What was the previous system?
Iowa had a system that charged an inheritance tax. An inheritance tax is a tax charged to beneficiaries for the right of receiving assets. Iowa’s inheritance tax was imposed on anyone who was going to receive assets, either through a will or other will substitute, or through intestacy (the term for divvying assets up of a decedent who did not have a will or other testamentary instrument). For an heir to receive assets tax-free, they had to be directly lineally related to the decedent, such as a child or step-child, a surviving spouse, or a parent or grandparent of the decedent. Anyone else, including siblings, cousins, or friends paid a tax on the inherited assets. Some assets could be excluded from the tax, such as life insurance proceeds paid to a named beneficiary, but for the most part, every asset of the deceased that was passed at death was taxed, if the total of these assets was greater than $25,000, a low number for those who passed owning a home or a more expensive car. The low threshold means that the tax affected many Iowans.
For family members, depending upon the value of the estate, they would pay up to a 10% tax rate. For non-family members, that rate rose to a maximum of 15% of their inheritance.
What changes are being made?
Iowa enacted legislation in 2021 that made some significant changes regarding their inheritance tax. Those changes started to take effect January 1, 2023, and will reduce Iowa’s inheritance tax rates until the entire inheritance tax will be phased out for those who pass away after January 1, 2025. The amount of tax reduced is dependent on the year the Decedent of the estate passed away. The decreased tax rate is 20% higher each year, starting in 2021. If the Decedent died in 2021, their beneficiaries would pay 20% less tax than the original rates, if they died in 2022, it would be 40% less than the original rate, if they pass away in 2023, their beneficiaries will pay 60% less tax than the original rate, if they pass away in 2024, the beneficiaries would pay 80% less tax, and if the Decedent died in 2025 or later, the beneficiaries will not owe any Iowa inheritance tax.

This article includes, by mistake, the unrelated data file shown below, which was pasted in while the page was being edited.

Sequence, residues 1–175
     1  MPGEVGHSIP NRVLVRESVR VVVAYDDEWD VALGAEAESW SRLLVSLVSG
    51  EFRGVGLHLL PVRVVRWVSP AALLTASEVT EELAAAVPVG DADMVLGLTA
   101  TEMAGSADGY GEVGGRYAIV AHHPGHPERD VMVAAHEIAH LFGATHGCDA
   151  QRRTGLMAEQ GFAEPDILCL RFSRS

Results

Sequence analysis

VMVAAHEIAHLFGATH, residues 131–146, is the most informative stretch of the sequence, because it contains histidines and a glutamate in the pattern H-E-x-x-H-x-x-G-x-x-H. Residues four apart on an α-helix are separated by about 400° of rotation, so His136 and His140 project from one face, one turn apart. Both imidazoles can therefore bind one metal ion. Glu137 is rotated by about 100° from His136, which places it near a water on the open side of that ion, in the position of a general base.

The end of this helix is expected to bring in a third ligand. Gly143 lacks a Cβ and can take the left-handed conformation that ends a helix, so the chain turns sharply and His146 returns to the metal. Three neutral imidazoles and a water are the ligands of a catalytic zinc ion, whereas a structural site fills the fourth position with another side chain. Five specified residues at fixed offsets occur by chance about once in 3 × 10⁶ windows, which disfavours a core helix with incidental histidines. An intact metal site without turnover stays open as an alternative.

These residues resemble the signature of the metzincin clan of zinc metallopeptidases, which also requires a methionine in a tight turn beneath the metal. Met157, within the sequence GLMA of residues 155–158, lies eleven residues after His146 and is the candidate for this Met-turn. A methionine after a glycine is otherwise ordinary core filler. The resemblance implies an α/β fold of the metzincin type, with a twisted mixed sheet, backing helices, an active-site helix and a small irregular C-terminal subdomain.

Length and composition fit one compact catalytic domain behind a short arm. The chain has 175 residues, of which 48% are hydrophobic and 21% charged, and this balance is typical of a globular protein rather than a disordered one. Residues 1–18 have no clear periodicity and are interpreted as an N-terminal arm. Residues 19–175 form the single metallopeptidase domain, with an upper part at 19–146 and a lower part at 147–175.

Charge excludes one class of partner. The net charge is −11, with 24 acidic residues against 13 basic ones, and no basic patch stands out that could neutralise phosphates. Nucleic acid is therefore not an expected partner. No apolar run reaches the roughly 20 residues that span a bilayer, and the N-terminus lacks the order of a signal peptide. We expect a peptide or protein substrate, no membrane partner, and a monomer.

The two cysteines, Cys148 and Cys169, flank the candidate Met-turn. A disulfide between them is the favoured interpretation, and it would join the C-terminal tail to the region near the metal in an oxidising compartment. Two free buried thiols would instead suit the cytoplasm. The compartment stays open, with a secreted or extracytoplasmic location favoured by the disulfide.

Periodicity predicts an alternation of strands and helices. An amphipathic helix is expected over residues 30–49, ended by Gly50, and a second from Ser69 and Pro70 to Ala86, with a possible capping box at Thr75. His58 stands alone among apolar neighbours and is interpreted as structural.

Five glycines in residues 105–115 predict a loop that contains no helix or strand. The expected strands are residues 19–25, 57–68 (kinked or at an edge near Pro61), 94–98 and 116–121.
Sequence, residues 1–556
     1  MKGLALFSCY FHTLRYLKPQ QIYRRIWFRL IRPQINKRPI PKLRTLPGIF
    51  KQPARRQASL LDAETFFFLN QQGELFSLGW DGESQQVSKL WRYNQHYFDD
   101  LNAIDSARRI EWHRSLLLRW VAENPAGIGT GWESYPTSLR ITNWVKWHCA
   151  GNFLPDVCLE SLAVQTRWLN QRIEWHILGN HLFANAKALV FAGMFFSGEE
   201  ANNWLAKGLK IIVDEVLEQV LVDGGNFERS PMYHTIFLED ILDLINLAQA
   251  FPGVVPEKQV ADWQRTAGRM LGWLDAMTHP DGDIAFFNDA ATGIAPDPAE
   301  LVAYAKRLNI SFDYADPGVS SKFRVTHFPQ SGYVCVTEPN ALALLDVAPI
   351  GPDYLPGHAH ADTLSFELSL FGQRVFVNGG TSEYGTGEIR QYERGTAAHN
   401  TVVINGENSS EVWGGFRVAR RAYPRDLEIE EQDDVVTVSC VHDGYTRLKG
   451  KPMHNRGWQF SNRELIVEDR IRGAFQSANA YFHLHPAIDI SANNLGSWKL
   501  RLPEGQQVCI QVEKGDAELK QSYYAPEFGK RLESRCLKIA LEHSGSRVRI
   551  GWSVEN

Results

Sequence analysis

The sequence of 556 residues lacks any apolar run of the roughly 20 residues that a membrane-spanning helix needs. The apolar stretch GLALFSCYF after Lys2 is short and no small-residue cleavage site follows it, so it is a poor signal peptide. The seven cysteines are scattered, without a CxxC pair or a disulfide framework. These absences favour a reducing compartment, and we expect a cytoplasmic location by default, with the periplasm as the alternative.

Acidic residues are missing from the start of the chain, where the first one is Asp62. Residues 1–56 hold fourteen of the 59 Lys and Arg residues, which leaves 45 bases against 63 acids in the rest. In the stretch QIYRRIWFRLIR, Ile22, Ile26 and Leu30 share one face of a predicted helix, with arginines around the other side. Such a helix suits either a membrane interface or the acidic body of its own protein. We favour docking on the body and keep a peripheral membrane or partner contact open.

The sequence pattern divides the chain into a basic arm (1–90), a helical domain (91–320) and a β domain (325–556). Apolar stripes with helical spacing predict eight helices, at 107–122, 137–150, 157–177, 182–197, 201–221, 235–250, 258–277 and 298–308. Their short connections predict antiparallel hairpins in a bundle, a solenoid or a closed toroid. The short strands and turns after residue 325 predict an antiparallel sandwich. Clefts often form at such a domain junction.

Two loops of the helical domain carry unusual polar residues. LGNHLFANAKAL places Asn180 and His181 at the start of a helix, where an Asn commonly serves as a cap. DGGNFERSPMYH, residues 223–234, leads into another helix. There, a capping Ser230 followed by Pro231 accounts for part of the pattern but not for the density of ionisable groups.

Why were these changes made?
The legislature made these changes with overwhelming support from both parties in Iowa. Iowa Republicans favored the bill as a general reduction of taxes. Iowa Democrats supported the abolition of the tax because current rules limit who can receive inheritances tax free. The current rules allow lineal descendants of the deceased to pay no inheritance tax, while those of non-lineal relation pay the tax. Some LGBTQ+ Iowans may have wished to leave property to someone other than their spouse, parent, or child. Another factor that garnered support for the bill was the economic impact on middle class Iowans – 92.5% of those paying the tax were making less than $80,000.
What will this mean?
The repeal of the Iowa inheritance tax will create huge changes to how estate planning instruments are used in Iowa, and how people who own property in Iowa can plan on passing on their property. For people who had drafted documents prior to this big change, this may mean an opportunity to revisit those documents to see if any changes need to be made to planned distributions to family or friends, or to change expected distributions made to cover the previously-existing inheritance tax. Our Estate Planning team at Hightower Reff Law is highly experienced and able to help you make the most of your estate planning in light of these changes.
Estate planning is more than just assets. And it is more than just passing wealth. Estate planning is about family and making sure you are taken care of, no matter your stage in life.
This article should not be construed as legal advice. Situations are unique from one another and it is impossible to provide legal advice for every situation without knowing the individual facts.
If you would like to talk more about estate planning, contact Hightower Reff Law today.
1 Iowa Code 450.10
2 Gruber-Miller, S. (2021, March 17). Iowa senate unanimously passes bill eliminating inheritance tax, phasing income tax cuts in sooner. Des Moines Register.